Involuntary rhythmical movements of the tongue, face and mouth characterize tardive dyskinesia. Early recognition of premonitory symptoms of tardive dyskinesia (like hyperkinetic dysarthria and fine vermiform movements of the tongue) may allow discontinuation of thiothixene before irreversible dyskinesia ensues. Tardive dyskinesia has been reported to occur in patients taking as little as 5 mg of thiothixene daily for eight months.

Fever, altered consciousness, autonomic dysfunction and muscle rigidity are the hallmarks of the neuroleptic malignant syndrome. The neuroleptic malignant syndrome is associated with a case fatality rate of about 20%. Immediate discontinuation of neuroleptic therapy and intensive monitoring and supportive care are indicated.[Ref]


Gastrointestinal side effects including nausea, vomiting, constipation, excessive salivation, and dry mouth have been reported.[Ref]

The anticholinergic effects of thiothixene have been implicated as a cause of esophageal atony and esophageal dilatation in one patient. That patient was also taking benztropine. The esophageal atony and dilatation resolved after dose reductions.[Ref]


Psychiatric side effects have included bizarre nightmares involving torture, worsening of underlying psychiatric illness, and agitation.[Ref]


Endocrine side effects including hyperprolactinemia, galactorrhea, amenorrhea, and (less frequently) hyponatremia have been reported.[Ref]


Some clinicians have recommended periodic slit lamp examination for patients on chronic thiothixene (the active ingredient contained in Navane) therapy.[Ref]

Ocular side effects including pigmentary retinopathy and lenticular pigmentation have been reported.[Ref]


Hematologic side effects including cases of reversible thrombocytopenia and leukopenia have been reported rarely.[Ref]


Genitourinary side effects including priapism, urinary incontinence, nocturnal enuresis, and spontaneous ejaculation have been reported.[Ref]


Immunologic side effects including Raynaud's phenomenon and a lupus-like syndrome have been reported.[Ref]


Cardiovascular side effects including nonspecific EKG changes of uncertain clinical significance, orthostatic hypotension, tachycardia, and syncope have been reported.[Ref]


Hypersensitivity side effects including a telangiectatic macular eruption of the palms has been reported. Thiothixene (the active ingredient contained in Navane) may also predispose patients to photosensitivity.[Ref]


Oncologic side effects including endometrial adenocarcinoma have been reported in association with thiothixene (the active ingredient contained in Navane) induced hyperprolactinemia.[Ref]

Some investigators have suggested that endometrial sampling be performed in women taking neuroleptics if warranted by clinical suspicion.[Ref]


1. Swett C, Jr "Drug-induced dystonia." Am J Psychiatry 132 (1975): 532-4

2. Ravi SD, Borge GF, Roach FL "Neuroleptics, laryngeal-pharyngeal dystonia and acute renal failure.." J Clin Psychiatry 43 (1982): 300

3. Vianna Filho U, Versiani Caldeira V, Romildo Bueno J "The efficacy and safety of loxapine succinate in the treatment of schizophrenia: a comparative study with thiothixene." Curr Ther Res Clin Exp 18 (1975): 476-90

4. Van Putten T, May PR, Marder SR "Akathisia with haloperidol and thiothixene." Psychopharmacol Bull 20 (1984): 114-7

5. Yassa R, Mohelsky HE "Tardive dyskinesia in thiothixene treatment ." J Clin Psychiatry 46 (1985): 151

6. Yesavage JA, Tanke ED, Sheikh JI "Tardive dyskinesia and steady-state serum levels of thiothixene." Arch Gen Psychiatry 44 (1987): 913-5

7. Woodring JH, Martin CA, Keefer B "Esophageal atony and dilatation as a side effect of thiothixene and benztropine." Hosp Community Psychiatry 44 (1993): 686-8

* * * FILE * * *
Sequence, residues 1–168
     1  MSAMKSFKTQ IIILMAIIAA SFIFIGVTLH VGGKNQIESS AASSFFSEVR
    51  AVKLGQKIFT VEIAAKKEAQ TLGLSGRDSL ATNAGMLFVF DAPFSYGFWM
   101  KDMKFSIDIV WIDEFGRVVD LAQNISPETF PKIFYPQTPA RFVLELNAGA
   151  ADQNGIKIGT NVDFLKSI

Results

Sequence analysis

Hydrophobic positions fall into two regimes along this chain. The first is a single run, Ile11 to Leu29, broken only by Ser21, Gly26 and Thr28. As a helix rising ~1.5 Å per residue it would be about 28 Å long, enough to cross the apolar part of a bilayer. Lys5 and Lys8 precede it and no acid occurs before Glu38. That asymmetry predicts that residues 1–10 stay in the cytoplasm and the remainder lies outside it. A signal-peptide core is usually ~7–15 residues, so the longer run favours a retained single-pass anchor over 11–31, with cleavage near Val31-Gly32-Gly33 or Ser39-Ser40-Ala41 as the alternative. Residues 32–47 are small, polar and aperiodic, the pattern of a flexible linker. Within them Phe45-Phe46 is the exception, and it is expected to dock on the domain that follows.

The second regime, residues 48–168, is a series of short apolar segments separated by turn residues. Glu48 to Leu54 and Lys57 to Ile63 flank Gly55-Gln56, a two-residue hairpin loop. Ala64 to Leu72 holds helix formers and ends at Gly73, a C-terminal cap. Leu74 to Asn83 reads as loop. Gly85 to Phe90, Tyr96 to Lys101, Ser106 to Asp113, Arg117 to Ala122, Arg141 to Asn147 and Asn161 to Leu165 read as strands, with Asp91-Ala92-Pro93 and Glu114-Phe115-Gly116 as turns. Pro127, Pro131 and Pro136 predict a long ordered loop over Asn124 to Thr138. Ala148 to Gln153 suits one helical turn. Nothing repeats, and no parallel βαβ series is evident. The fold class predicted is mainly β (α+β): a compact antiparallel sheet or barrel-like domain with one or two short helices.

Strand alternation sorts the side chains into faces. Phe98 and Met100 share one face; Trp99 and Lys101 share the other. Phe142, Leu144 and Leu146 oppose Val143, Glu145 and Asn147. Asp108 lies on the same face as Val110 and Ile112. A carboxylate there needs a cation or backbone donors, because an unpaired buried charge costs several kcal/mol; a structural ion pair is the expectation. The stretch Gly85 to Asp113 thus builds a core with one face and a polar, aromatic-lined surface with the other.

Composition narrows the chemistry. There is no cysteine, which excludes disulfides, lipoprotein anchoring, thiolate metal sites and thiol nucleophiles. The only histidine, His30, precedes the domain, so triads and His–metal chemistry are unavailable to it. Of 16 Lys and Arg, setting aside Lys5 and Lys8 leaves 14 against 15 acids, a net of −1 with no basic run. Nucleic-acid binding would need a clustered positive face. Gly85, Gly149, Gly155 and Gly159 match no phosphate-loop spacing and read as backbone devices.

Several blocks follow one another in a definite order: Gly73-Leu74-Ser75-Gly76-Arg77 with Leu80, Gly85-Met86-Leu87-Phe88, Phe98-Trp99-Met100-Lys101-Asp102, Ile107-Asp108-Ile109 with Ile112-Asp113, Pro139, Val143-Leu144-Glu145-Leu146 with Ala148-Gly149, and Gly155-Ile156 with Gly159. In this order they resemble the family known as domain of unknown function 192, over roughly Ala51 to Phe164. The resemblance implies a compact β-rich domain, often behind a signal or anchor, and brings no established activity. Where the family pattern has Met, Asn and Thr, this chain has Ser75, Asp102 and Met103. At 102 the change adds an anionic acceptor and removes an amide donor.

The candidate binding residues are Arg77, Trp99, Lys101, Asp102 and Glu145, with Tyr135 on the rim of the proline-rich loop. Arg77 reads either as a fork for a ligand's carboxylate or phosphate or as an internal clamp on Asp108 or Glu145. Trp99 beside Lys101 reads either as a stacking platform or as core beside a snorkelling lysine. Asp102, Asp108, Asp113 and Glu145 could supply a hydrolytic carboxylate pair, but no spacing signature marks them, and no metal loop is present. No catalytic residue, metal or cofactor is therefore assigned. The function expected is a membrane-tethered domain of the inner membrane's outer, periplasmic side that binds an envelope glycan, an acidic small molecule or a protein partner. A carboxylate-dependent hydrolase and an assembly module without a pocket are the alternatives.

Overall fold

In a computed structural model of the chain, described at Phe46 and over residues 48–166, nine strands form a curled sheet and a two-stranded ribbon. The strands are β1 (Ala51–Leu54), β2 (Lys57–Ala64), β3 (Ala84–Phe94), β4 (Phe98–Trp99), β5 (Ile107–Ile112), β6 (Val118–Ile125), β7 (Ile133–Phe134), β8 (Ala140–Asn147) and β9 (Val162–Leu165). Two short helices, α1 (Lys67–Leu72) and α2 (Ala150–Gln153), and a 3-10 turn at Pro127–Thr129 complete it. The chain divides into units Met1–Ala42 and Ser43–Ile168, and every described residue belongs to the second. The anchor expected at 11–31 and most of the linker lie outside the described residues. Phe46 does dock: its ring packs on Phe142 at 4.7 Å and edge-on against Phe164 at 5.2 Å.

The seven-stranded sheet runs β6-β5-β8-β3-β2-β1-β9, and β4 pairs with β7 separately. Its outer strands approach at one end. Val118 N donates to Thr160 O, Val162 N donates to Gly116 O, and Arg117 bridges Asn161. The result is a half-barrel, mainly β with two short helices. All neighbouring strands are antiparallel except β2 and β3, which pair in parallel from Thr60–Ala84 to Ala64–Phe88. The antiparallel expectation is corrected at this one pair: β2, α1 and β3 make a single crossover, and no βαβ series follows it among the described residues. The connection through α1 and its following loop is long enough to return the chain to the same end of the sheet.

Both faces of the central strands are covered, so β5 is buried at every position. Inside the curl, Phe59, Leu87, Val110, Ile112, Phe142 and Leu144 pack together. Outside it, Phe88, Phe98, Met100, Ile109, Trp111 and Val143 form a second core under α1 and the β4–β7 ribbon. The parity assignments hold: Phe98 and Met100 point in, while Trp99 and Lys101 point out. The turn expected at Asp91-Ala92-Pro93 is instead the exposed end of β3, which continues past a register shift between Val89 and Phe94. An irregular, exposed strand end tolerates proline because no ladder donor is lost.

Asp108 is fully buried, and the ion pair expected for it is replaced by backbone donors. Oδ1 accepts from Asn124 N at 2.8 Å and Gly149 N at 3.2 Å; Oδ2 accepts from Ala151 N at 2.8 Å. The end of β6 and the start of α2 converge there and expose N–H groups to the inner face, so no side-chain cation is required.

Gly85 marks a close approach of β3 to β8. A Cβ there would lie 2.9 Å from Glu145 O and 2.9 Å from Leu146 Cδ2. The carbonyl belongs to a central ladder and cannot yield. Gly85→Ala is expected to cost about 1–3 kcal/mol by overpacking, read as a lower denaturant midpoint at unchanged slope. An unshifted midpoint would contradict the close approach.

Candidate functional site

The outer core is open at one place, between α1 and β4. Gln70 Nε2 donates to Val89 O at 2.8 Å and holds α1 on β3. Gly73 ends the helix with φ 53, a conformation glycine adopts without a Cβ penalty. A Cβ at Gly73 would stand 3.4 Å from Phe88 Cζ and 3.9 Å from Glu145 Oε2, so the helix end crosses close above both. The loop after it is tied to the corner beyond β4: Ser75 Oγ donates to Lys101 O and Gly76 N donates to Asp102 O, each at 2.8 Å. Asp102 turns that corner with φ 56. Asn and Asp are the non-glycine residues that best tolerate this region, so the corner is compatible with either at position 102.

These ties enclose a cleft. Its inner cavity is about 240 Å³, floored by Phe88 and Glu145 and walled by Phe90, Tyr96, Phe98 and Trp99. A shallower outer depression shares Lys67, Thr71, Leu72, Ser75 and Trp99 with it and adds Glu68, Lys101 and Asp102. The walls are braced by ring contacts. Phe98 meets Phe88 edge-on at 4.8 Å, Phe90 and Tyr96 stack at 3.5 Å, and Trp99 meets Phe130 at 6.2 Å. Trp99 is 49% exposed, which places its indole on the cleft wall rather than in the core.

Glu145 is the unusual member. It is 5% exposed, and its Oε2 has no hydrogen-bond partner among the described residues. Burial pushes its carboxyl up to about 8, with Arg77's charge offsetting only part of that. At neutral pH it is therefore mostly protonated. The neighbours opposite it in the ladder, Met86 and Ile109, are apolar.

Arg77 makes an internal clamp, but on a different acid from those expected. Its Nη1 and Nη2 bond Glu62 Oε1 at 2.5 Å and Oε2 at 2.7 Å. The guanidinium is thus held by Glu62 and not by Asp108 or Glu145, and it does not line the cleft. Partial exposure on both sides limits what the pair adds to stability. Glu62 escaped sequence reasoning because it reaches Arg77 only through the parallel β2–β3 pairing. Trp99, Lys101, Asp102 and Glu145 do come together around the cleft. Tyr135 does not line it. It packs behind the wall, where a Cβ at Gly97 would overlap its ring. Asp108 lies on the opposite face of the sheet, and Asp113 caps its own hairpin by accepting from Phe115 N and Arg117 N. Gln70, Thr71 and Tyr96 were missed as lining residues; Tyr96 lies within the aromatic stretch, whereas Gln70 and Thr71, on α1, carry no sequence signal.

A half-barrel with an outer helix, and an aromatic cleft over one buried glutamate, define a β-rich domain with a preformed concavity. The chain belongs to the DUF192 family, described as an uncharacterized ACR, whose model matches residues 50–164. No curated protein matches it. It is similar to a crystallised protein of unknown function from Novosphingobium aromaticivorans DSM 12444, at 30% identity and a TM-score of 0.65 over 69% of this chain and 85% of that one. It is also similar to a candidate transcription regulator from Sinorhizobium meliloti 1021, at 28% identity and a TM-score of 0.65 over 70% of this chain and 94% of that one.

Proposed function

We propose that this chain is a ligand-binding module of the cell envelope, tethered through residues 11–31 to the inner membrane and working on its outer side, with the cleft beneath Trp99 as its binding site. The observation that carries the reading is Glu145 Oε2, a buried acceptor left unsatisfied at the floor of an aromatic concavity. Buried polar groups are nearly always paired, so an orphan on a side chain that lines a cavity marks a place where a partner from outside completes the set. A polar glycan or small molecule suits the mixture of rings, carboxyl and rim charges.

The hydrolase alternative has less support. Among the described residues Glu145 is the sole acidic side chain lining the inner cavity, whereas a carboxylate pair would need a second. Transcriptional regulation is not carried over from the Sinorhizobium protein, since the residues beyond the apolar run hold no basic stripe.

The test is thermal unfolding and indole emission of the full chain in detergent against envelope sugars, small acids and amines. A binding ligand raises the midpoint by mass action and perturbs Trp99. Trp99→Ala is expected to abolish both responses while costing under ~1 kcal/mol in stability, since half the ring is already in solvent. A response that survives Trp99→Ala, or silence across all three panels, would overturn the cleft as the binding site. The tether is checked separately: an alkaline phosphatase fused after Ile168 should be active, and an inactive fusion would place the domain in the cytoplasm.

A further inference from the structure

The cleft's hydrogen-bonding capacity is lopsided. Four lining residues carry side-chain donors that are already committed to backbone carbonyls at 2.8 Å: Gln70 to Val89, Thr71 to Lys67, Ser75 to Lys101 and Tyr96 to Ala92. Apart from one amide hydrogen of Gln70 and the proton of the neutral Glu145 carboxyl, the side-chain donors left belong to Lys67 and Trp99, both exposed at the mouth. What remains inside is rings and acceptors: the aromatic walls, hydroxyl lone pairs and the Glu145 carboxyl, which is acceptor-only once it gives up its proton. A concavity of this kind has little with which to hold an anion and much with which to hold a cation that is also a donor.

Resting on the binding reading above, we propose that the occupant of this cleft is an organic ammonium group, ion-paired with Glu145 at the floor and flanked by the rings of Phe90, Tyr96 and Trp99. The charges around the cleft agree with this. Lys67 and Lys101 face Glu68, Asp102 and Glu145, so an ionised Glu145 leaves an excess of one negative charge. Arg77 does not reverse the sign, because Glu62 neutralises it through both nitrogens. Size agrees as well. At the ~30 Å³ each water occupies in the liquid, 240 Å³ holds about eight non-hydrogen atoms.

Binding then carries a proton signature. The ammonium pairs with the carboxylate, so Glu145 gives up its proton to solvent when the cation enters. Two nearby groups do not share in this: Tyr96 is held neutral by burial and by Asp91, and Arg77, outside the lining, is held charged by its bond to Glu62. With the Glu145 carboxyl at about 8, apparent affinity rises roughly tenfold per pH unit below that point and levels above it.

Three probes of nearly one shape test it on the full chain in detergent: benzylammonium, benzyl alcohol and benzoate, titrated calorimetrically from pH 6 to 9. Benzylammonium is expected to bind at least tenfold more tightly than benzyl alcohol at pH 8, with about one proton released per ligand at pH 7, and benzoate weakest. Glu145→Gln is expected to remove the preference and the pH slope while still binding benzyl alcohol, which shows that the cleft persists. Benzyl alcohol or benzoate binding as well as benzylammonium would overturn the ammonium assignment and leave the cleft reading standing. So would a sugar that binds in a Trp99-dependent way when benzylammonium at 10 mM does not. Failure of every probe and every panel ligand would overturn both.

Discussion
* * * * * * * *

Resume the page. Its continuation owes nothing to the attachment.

8. "Product Information. Navane (thiothixene)." Roerig Division, New York, NY.

9. Solomon K "Thiothixene and bizarre nightmares: an association?" J Clin Psychiatry 44 (1983): 77-8

10. Ash PR, Bouma D "Exaggerated hyperprolactinemia in response to thiothixene ." Arch Neurol 38 (1981): 534-5

11. Ristic PI, Ory SJ, Lurain JR "Endometrial adenocarcinoma associated with drug-induced hyperprolactinemia." Obstet Gynecol 67 (1986): s86-8

12. Balon R, Berchou R, Zethelius M "Thrombocytopenia associated with chlorpromazine, haloperidol and thiothixene: a case report." Can J Psychiatry 32 (1987): 149-50

13. Portnoy RA "Hyperkinetic dysarthria as an early indicator of impending tardive dyskinesia." J Speech Hear Disord 44 (1979): 214-9

14. Nurnberg HG, Ambrosini PJ "Urinary incontinence in patients receiving neuroleptics." J Clin Psychiatry 40 (1979): 271-4

15. Keitner GI, Selub S "Spontaneous ejaculations and neuroleptics." J Clin Psychopharmacol 3 (1983): 34-6

16. Compton MT, Miller AH "Priapism associated with conventional and atypical antipsychotic medications: A review." J Clin Psychiatry 62 (2001): 362-6

17. Shenoy RS "Nocturnal enuresis caused by psychotropic drugs." Am J Psychiatry 137 (1980): 739-40

18. Balon R, Berchou R, Han H "Priapism associated with thiothixene, chlorpromazine, and thioridazine." J Clin Psychiatry 48 (1987): 216

19. McCance-Katz EF "New onset Raynaud's phenomenon in a schizophrenic patient ." J Clin Psychiatry 52 (1991): 89-90

20. Matsuoka LY "Thiothixene drug sensitivity ." J Am Acad Dermatol 7 (1982): 405

Disclaimer: Every effort has been made to ensure that the information provided is accurate, up-to-date and complete, but no guarantee is made to that effect. In addition, the drug information contained herein may be time sensitive and should not be utilized as a reference resource beyond the date hereof. This material does not endorse drugs, diagnose patients, or recommend therapy. This information is a reference resource designed as supplement to, and not a substitute for, the expertise, skill , knowledge, and judgement of healthcare practitioners in patient care. The absence of a warning for a given drug or combination thereof in no way should be construed to indicate safety, effectiveness, or appropriateness for any given patient. does not assume any responsibility for any aspect of healthcare administered with the aid of materials provided. The information contained herein is not intended to cover all possible uses, directions, precautions, warnings, drug interactions, allergic reactions, or adverse effects. If you have questions about the substances you are taking, check with your doctor, nurse, or pharmacist.